There is a degree of risk in all aspects of life and everything we do, and this is especially true of your pension benefits. There is no such thing as ‘no risk’ and no such thing as an absolute guarantee.
For money purchase schemes there are extra risks associated with the investments which underpin the benefits. This will affect what you will get when you retire and means that the timing of events which lead to a benefit being paid is critical to what is paid, to you and your dependants.
It is essential that you understand the main issues associated with security and risk as they will affect YOU and your dependants, and your retirement planning. This Factsheet is designed to make you think about the various issues associated with security and risk, WHY these occur and HOW these could have a bearing upon your pension benefits. Some of the points are more obvious than others, but they are all important.
If you are intending to get advice from a Financial Adviser these are some of the things you should be discussing with them.
Security of your employment (risk of tenure)
You will be a preserved member for one of several reasons, the likely ones being:
- You ceased to be employed by your employer.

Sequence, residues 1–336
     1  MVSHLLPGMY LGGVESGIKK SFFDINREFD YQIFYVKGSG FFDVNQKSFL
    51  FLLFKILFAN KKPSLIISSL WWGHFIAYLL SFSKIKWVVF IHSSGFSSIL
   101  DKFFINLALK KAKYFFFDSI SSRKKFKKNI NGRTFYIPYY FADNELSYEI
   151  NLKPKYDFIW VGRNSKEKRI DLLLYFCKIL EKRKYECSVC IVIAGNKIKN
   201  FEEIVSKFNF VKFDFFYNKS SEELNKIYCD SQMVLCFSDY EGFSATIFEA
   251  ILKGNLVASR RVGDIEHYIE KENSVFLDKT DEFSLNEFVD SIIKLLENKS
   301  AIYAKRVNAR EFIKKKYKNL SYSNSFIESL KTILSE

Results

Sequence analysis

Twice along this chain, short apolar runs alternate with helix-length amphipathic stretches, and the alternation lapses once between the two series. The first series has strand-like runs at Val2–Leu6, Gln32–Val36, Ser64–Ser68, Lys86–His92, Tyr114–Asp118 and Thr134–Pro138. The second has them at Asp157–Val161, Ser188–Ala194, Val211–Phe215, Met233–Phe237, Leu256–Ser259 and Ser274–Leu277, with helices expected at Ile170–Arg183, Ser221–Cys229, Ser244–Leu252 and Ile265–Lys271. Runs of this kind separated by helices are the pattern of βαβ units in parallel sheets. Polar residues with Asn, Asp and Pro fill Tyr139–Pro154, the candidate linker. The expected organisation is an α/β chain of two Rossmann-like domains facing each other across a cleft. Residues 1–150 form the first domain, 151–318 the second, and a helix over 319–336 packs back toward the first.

- You chose to opt out of active membership for your own personal reasons.
- You continue to be working but your employer closed your pension scheme so that you cannot contribute future monies to that particular arrangement (even though you may have been offered an alternative pension arrangement). This is often called a ‘closed scheme’.
The suggestion of a ‘job for life’ seems to be an unrealistic ideal. Businesses are constantly changing and most employment sectors, from manufacturing to finance, retail to transport have suffered large-scale redundancies. Even with the same employer, change is now the norm and unless we as individuals are able to respond to these changes, we can be affected adversely by the change.
Job security has an important impact upon your retirement provision as your current income may allow you to build upon the foundations of your preserved pension to fulfil your retirement financial planning objectives.
Your ability to be able to invest for a decent standard of living in retirement may depend upon a stable income stream. Money purchase schemes provide benefits based upon the amount of money that is in YOUR own pension ‘pot’ when benefits are due to be paid. This means the longer you work and the longer you and your employer contributed the more chance you have to achieve a worthwhile pension.
The amount that will be in your ‘pot’ when benefits arise will depend upon the payments made into your ‘pot’. The benefits you or your dependents will get from a money purchase scheme will come entirely from your ‘pot’. The bigger the better!